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Business leader pleads guilty to stealing over $500,000 from retirement home | News

Salem, Mass. – A former businesswoman who stole more than $500,000 from a Lawrence nursing home was sentenced to a year and a half in state prison and was also ordered to house arrest and pay restitution after his release.

Sherry Verdick, 45, of Methuen, pleaded guilty to 16 indictments, which included multiple theft, forgery and related charges associated with the theft of $535,000 from the Berkeley Retirement and Nursing Home during a a hearing in Salem Superior Court on Tuesday.

The theft occurred through various schemes, with Verdick exploiting his “position of trust among a vulnerable population” at the Berkeley home, said Gretchen Brodigan, an assistant attorney general who prosecuted the case.

Verdick declared “guilty” out loud in the courtroom as a clerk read aloud each charge and details.

Responding to a question from the judge, Verdick said she takes Suboxone, a drug used on Tuesday to treat opioid addiction, daily. His defense attorney previously said Verdick developed an opioid addiction after being prescribed OxyContin and Percocet after knee surgery in 2014.

Verdick faces maximum sentences of 5 and 10 years in state prison for numerous charges.

In addition to the prison sentence, Judge Kathleen McCarthy-Neyman sentenced Verdick to five years probation after his release. She must spend the first 9 months in home confinement and is only allowed to leave her home for medical appointments for herself and her son or to undergo a court-ordered drug test.

Additionally, while on probation, she must undergo substance abuse evaluation and treatment, be barred from working in any job where she handles money, and must stay away from the Berkeley facility. A restitution hearing will be scheduled after he is released from prison, McCarthy-Neyman explained.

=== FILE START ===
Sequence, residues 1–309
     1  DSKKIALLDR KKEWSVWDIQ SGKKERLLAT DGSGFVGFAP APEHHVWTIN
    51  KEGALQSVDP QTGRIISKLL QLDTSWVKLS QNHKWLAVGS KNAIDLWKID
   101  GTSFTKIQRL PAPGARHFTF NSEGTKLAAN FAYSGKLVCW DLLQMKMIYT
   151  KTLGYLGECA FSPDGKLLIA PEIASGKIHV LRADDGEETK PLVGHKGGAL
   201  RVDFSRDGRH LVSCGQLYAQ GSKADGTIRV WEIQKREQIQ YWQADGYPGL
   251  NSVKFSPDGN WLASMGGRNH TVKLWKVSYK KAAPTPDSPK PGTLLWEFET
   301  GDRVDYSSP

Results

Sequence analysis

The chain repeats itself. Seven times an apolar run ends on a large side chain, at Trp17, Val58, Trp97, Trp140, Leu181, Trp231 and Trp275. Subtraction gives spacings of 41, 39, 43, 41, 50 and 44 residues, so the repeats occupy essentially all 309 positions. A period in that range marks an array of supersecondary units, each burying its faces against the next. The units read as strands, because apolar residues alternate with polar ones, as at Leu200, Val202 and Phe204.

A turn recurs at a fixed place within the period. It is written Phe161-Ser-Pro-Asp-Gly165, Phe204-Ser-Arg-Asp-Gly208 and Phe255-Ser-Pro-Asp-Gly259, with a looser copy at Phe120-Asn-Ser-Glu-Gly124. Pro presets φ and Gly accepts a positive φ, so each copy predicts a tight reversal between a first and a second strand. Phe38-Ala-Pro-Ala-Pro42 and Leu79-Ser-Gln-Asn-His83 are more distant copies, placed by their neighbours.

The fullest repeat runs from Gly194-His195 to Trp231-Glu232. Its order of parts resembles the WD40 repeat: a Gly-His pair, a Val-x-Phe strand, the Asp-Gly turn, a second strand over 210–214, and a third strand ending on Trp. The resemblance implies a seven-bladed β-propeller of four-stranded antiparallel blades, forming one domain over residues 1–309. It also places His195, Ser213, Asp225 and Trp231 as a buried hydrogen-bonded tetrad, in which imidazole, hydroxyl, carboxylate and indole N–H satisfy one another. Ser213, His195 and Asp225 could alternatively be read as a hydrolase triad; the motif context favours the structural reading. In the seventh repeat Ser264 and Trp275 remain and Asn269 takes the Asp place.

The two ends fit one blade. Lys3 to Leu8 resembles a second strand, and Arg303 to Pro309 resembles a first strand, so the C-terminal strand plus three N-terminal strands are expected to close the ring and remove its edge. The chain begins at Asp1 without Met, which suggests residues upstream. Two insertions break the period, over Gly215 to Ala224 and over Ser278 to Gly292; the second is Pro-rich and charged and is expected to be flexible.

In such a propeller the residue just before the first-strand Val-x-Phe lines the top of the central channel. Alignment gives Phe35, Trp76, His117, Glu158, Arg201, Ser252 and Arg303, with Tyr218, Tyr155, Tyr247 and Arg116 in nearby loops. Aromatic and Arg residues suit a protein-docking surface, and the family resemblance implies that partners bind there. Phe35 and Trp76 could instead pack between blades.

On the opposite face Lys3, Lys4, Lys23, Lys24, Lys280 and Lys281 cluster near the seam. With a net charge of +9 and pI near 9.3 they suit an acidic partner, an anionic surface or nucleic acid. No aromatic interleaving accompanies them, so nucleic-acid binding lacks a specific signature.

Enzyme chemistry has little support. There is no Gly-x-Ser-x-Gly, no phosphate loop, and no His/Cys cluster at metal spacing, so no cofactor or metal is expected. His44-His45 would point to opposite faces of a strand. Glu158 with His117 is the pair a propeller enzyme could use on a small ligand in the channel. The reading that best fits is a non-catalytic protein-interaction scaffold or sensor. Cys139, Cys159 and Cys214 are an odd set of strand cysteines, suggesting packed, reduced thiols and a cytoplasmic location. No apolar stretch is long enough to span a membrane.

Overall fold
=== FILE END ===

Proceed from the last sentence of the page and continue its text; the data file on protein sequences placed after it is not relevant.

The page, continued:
While she pleaded guilty on Tuesday, Verdick will not have to appear in court until October 12 to begin her sentence.

Prosecutors had wanted Verdick sentenced to two to three years in jail or prison, followed by five years probation with a series of conditions including the payment of restitution.

But her lawyer Hilary McCamic, at a hearing this summer, suggested that a two-year prison sentence against Verdick could be suspended, and that she could spend that time on a GPS monitor which only allowed her to leave. home to work and buy groceries.

McCarthy-Neyman said on Tuesday she had considered contributions from both sides, but would hand down the sentence of a year and a half in prison and five years probation to follow.

From January 2016 to September 2018, Verdick wrote 394 checks totaling $412,000 to herself, according to the charges.

She also forged her signature on eight other checks, used a company credit card to illegally purchase $19,000 worth of items for herself, and settled for $10,500 in health care costs that she should have paid herself to be paid into a Berkeley account, Brodigan said.

Verdick is also accused of stealing money from the estate of a deceased Berkeley resident, Brodigan said.

She pleaded guilty to five counts of theft of property over $1,200 by a single scheme, theft over $1,200, theft over $250 by a single scheme, two counts of making false entries in the company’s books with intent to defraud, three counts of forgery, three counts of pronouncing and obtaining a signature under false pretences, according to court documents .

Colleagues at Berkeley released impact statements about the theft, which injured both residents of the 40-bed facility and employees, who have not had a raise in years, they said. declared.

One worker noted that many residents “trusted and, in many cases, loved” Verdick.

Director of Nursing Denise Murray said Berkeley staff are proud of the excellent and dedicated care for residents. Verdick’s behavior was “selfish and self-centered,” she said. She described the toll on Berkeley as “ongoing and unnecessary.” Others said the budget remained rudimentary due to the losses.

“Every day we think we might lose our jobs and what would happen to our beloved residents?” asked a group of members of Berkeley’s management team in a victim impact statement that Brodigan read to the judge.

Through McCamic, Verdick apologized for her behavior, for the trust she betrayed in the House of Berkeley and the impact it had on her family.

Follow staff reporter Jill Harmacinski on Twitter @EagleTribJill.